‘Beyond the insults - the adjective “Egyptian” is literally used by Kuwaitis to designate an uneducated person - the laws are deeply xenophobic’

- An Egyptian graduate

Until August 2021, for example, non-Saudis were not allowed to own real estate in the kingdom. In Kuwait, a similar rule still exists.

“And over the past decade, many Kuwaitis have started publicly blaming immigrants for all their problems and demanding that we be sent back to our countries of origin,” the graduate added.

In 2018, Safa Al-Hashem, a Kuwaiti parliamentarian, called for immigrants residing in the country to pay a tax for "the air they breathe".

A year later, a group of Kuwaiti politicians called on the government to deport half of the more than three million expatriates living in the country.

Omar, a medical student who grew up in Saudi Arabia before returning to Egypt at the age of 15, remembers feeling a rise in hostility.

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“The feeling of being different is very strong among immigrant communities in the kingdom,” he told MEE. “Xenophobia is everywhere, both on an individual and state level. Until last year, for example, foreigners were not allowed to own property in Saudi Arabia. This feeling of being different means we never feel at home.”

Among the laws put in place by oil monarchies to regulate immigration is the controversial system of kafala (guardianship), which obliges candidates to find a local to sponsor their entry into the country and vouch for them throughout their stay.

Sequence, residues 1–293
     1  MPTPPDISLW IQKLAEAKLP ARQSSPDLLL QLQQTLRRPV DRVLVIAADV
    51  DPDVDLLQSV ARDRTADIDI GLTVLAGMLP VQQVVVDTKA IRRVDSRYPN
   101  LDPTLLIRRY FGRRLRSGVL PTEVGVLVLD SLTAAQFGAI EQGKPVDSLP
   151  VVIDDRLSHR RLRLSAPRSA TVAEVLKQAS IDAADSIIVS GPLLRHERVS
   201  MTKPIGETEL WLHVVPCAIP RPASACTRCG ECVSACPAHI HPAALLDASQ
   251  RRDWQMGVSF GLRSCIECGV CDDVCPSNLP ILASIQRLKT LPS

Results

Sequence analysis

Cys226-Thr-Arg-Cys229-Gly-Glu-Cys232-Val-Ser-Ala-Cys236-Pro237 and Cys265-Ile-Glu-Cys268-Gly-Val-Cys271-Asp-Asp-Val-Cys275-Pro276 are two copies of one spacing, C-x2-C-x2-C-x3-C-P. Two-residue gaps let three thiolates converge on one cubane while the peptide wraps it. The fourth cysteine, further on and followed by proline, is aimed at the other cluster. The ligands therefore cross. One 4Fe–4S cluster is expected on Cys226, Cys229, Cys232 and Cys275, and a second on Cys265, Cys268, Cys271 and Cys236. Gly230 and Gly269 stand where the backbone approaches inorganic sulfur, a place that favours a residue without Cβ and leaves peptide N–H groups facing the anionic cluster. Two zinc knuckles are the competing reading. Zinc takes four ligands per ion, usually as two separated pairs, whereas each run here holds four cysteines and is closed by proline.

Until the introduction of recent reforms in Saudi Arabia and Qatar, the kafeel - usually the employer - had to be consulted before their employee could leave the territory, sometimes making it impossible for exploited employees to escape.

“We are all subject to the goodwill of our kafeel, they are the one who dictates the rules," Youssef told MEE. "If they don't give us permission to travel, then we can't do it, that's how it is. I have a friend who was unable to return to Egypt for years because his employer systematically refused it.”

Seeking an identity

This stressful climate, coupled with the hope of economic and social renewal brought about by the Arab Spring, prompted Mahmoud to return alone to Cairo in 2013 to continue his studies, leaving his family behind.

“I could no longer stand the way I was looked at, I felt pressured to erase my ethnic identity in order to be accepted. Some of my fellow Egyptians there shelved their native dialect and spoke in the Levantine accent, which is more accepted by Kuwaitis.

'When I came back [to Egypt] at the age of 16 to continue my studies, I had to get used to living in a country that I knew absolutely nothing about. I was a stranger in my own country'